Seasonal Affective Disorder (SAD) is a type of depression which occurs periodically, with the onset of symptoms in winter months and full recovery during the spring and summer. That is why it is also called winter blues or winter depression. The usual symptoms experienced by SAD patients are: bad mood, increased hunger and weight, low energy, fatigue, sleeplessness, irritability, concentration problems, etc.
There are numerous substances in the brain tissue that enable the communication between nerve cells. These substances are called neurotransmitters, and the most important of them include serotonin, norepinephrine , and dopamine. The disturbances in levels of neurotransmitters can induce mental disorders such as SAD.
The Role of Serotonin
The clue that serotonin might be involved in the development of SAD was derived from the scientific evidence that serotonin levels in the brain tissue vary seasonally in healthy individuals. That was confirmed in animal as well as in human studies. The lowest levels of serotonin in the brain tissue were found in January and December, and many studies have been conducted with the aim to investigate the role of serotonin in the development of winter depression. Tryptophan is an important amino acid in our body and it is also a precursor of serotonin. Decreased levels of tryptophan were measured in persons suffering from SAD, especially during winter months. Serotonin is also involved in the metabolism of melatonin – a very important substance in our brain which controls circadian rhythm and regulates sleeping.
Many symptoms of SAD are considered the result of serotonin deficiency, for example: sugar cravings, anxiety, disturbed sleep cycle, bad mood, and the feeling of guilt.
Ways to Increase Serotonin Levels
The knowledge about serotonin disturbances in persons with SAD has contributed to the development of therapeutics that can modify the serotonin levels in the brain tissue. Selective Serotonin Reuptake Inhibitors (SSRIs) as well as Serotonin and Norepinephrin Reuptake Inhibitors (SNRIs) are antidepressant drugs that increase the amount of serotonin in the brain, thus improving the symptoms of winter blues.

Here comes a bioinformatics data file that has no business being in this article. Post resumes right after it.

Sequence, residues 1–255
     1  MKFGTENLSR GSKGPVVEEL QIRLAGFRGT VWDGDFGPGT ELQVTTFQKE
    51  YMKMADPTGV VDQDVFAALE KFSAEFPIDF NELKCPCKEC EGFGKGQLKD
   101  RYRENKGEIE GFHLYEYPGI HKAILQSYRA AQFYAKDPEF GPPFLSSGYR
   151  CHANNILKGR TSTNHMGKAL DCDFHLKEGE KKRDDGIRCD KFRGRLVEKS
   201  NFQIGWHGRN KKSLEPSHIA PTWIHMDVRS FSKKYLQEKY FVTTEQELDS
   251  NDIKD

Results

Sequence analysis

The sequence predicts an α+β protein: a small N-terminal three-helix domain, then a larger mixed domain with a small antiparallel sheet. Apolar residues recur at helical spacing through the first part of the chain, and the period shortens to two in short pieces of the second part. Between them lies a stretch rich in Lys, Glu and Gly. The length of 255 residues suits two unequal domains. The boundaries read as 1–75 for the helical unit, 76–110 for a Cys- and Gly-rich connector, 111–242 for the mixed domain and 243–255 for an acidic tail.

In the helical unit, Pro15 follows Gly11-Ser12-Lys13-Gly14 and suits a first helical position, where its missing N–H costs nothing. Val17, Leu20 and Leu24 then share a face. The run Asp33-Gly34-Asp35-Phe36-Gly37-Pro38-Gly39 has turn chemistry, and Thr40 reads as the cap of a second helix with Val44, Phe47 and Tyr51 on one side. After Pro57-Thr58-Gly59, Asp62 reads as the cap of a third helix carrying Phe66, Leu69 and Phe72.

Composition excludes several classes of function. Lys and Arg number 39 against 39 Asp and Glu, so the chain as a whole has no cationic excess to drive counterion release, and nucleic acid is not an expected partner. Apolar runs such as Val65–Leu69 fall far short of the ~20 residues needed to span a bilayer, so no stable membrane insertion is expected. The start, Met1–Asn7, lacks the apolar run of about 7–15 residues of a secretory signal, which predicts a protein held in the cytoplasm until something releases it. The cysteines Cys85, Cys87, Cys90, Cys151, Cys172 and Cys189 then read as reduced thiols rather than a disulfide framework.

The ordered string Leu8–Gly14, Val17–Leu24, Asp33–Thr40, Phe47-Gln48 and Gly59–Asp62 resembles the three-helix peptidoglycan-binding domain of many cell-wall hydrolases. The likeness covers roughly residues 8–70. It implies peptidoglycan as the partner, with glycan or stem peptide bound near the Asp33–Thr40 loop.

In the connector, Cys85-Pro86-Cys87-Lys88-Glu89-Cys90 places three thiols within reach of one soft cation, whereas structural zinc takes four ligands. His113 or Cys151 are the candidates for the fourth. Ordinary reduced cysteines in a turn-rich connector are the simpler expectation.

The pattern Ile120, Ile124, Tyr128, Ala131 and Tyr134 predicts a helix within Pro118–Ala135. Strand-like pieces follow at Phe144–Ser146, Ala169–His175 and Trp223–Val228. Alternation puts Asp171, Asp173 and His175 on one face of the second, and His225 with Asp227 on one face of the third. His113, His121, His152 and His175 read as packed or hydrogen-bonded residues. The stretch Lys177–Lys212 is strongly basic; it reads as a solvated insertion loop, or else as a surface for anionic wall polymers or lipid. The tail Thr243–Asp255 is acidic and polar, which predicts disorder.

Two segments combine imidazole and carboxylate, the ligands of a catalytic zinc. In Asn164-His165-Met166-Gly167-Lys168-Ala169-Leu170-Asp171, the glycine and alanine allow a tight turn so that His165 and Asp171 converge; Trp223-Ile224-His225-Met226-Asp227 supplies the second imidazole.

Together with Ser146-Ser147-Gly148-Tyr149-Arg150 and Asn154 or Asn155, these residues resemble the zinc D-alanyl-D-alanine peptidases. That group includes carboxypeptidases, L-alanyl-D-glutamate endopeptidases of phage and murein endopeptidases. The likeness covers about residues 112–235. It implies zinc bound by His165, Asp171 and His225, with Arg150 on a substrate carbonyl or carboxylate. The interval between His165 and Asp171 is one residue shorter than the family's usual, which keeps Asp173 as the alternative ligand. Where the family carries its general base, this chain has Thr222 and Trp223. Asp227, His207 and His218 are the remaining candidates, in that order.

Research conducted on rats proved that the increased exposure to sunlight leads to increased serotonin levels. That is why light therapy greatly improves the symptoms of SAD, and it is the most commonly used treatment option today. Also, several studies have shown beneficial effect of massage on serotonin levels. In one study, the massage increased serotonin levels by 30%. Running, aerobic, walking, swimming, and all other forms of physical activity are well known to increase serotonin levels. Positive thinking, yoga, and happy events are also the things that boost serotonin production.
In conclusion, serotonin is proven to be a very important factor in depressive disorders, and the disturbances in serotonin levels undoubtedly contribute to the development of SAD. Persons suffering from this disorder should engage in all of the above activities as much as possible in order to improve their condition. The light therapy applied via light boxes (panels that emit the light of certain wavelength) is shown to be the most effective treatment option.
Gupta, A., Sharma, P.K., Garg, V.K., Singh, A.K., Mondal, S.C. Role of serotonin in seasonal affective disorder. Eur Rev Med Pharmacol Sci. 2013 Jan;17(1):49-55.
Schloss, P., Williams, D.C. (1998). The serotonin transporter: a primary target for antidepressant drugs. J Psychopharmacol. 12: 115-121.
Michel, K., Zeller, F., Langer, R., Nekarda, H., Kruger, D., Dover, T.J., Brady, C.A., Barnes, N.M., Schemann, M. (2005). Serotonin excites neurons in the human submucous plexus via 5-HT3 receptors. Gastroenterology. 128: 1317-1326.
Tyce, G.M. (1999). Origin and metabolism of serotonin. J Cardiovasc Pharm 16: S1-S7.
Lambert, G.W., Reid, C., Kaye, D.M., Jennings, G.L., Esler, M.D. (2002). Effect of sunlight and season on serotonin turnover in the brain. Lancet 360: 1840-1842.